Mary first took part in a proxy marriage at Greenwich Palace on 13 Aug 1514, with the Duc De Longueville standing in for Louis (he lay down on a bed with Mary and touched her body with his naked leg - the marriage was declared consummated). Mary enjoyed herself at her wedding festivities and its attendant celebrations. It would have been impossible to feel otherwise. She had a splendid trousseau, marvelous jewels sent over from France, and all the honors due to the Queen of France. All contemporary accounts remark on her great beauty - particularly her clear complexion and long red-gold hair, the Tudor trademark. Her husband was eager to see her, telling the English Ambassador that he had many gifts for his bride and expected a kiss for each one.

Mary eventually traveled from Dover to Boulogne on 2 Oct, after waiting weeks for stormy weather to end. (She left in the midst of more storms since Henry VIII had grown bored waiting for them to end.) Upon her departure, she kissed her brother and reminded him of his promise about her future. Henry, eager to leave, committed her to God and her husband and left. There were fourteen ships in Mary's retinue but the weather was so terrible that only four reached port on time (the rest docked at various ports on the French coast.) Poor Mary, suffering from seasickness and constant rain, was carried ashore by one of her gentlemen, Sir Christopher Garnish. She journeyed from Montreuil to Abbeville and contemporary chroniclers recorded her outfit (they were much impressed with her beauty and charm): cloth of gold on crimson with tight sleeves in the English style and a hat of crimson silk which she wore cocked over one eye. Her husband met her at a carefully arranged 'accident' outside Abbeville and, on 9 Oct, they married in that city, followed by weeks of celebrations.

Most of the English entourage the princess had brought with her to France were sent back, although a few, including the Boleyn sisters Anne and Mary, remained.

Mary remained the complacent princess, biding her time. The marriage obviously put a strain on her aging new husband. The marriage lasted for eighty-two days. On 31 Dec 1514, Louis died quite abruptly. Despite his ill health, he had been quite active during his marriage (a factor which may have contributed to his demise; he boasted that on their wedding night, he had 'crossed the river' three times). BEF his death, he was visited by the Duke of Suffolk on a diplomatic trip and Charles wrote to Henry that his sister was discreet and dignified. This undoubtedly relieved both men; they had perhaps wondered how Mary would greet her true love. Mary, however, was aware of her position as Queen of France and, during her brief marriage, conducted herself with aplomb.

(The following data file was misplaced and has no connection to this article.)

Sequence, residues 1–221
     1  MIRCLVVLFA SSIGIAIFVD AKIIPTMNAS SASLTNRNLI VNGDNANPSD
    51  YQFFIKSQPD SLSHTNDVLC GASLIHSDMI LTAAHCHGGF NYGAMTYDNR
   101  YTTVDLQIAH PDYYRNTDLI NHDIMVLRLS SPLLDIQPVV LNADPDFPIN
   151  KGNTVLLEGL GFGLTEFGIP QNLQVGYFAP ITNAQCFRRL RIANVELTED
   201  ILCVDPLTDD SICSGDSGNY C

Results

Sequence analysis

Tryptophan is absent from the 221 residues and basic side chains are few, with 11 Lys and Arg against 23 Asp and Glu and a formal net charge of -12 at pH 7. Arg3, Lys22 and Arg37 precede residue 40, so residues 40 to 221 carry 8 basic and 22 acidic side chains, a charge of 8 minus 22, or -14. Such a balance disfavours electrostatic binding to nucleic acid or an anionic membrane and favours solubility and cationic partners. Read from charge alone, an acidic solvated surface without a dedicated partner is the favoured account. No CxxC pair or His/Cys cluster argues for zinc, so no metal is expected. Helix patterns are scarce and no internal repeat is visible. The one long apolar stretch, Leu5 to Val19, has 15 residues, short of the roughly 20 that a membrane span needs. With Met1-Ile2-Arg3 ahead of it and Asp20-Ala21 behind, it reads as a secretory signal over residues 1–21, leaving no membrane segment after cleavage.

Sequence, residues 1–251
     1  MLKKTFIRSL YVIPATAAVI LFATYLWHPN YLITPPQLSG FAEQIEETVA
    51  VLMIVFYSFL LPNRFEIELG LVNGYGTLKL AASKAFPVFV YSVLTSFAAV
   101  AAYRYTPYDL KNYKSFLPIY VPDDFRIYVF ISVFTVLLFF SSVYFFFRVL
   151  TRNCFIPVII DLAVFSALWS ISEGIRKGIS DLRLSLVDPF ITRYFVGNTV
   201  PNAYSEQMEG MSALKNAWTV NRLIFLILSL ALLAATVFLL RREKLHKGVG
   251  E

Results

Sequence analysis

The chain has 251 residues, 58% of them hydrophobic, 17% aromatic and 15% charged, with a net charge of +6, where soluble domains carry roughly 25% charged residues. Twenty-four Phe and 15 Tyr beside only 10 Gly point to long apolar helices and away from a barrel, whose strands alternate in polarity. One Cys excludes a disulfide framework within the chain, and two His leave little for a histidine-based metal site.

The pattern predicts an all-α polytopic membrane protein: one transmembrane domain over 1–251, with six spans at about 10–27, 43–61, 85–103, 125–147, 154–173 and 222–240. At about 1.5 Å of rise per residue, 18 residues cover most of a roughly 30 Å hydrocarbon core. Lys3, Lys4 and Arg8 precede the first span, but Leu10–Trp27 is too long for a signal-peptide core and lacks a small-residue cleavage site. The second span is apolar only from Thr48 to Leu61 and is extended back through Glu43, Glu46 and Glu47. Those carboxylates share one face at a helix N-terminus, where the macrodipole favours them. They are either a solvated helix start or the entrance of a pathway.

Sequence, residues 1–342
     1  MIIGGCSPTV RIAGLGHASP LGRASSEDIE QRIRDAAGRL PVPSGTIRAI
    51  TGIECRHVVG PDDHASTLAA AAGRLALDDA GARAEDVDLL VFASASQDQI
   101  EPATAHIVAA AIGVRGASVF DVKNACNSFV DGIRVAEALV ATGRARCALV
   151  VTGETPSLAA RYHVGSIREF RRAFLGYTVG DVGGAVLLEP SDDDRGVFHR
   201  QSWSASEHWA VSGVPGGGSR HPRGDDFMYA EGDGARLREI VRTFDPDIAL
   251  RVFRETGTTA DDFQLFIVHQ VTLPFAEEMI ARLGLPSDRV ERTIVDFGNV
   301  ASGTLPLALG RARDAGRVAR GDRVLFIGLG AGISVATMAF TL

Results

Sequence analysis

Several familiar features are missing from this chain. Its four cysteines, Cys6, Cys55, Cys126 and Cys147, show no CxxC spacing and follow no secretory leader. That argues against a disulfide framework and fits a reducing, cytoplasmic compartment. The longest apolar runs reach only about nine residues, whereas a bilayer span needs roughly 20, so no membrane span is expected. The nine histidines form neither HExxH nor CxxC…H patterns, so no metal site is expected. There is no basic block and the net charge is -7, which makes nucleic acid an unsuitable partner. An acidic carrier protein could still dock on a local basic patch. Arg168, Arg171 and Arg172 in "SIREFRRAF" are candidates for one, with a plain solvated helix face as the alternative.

The King of France's death changed her world considerably. Now a Queen dowager in a foreign country she had barely begun to settle in, she was suddenly pushed into strict seclusion for 40 days. This was French custom; after all, the widowed Queen might be pregnant and the child's paternity must be certain. Mary was not pregnant but she was sent to the Hotel De Cluny for her period of mourning, without even the comfort of her English attendants. The new King, Francois, had appointed several Frenchwomen to attend her and dismissed her women. May was undoubtedly terrified. She was closed off from the world, shut behind heavy black drapes, and once more a pawn for her brother. Would Henry arrange another marriage or would he keep his promise? Frantic, Mary wrote to him from Cluny in early Jan 1515, just two weeks after her husband's death; she begged him to contact Francois and have her sent home to England and reminded him: "Sir, I beseech your grace that you will keep all the promises that you promised me when I took my leave of you by the waterside. Sir, your grace knoweth well that I did marry for your pleasure at this time and now I trust you will suffer me to marry as me liketh for to do... wherefore I beseech your grace for to be a good lord and brother unto me" If Henry did not keep his promise, Mary said she would enter a nunnery and "never no man shall joy of me".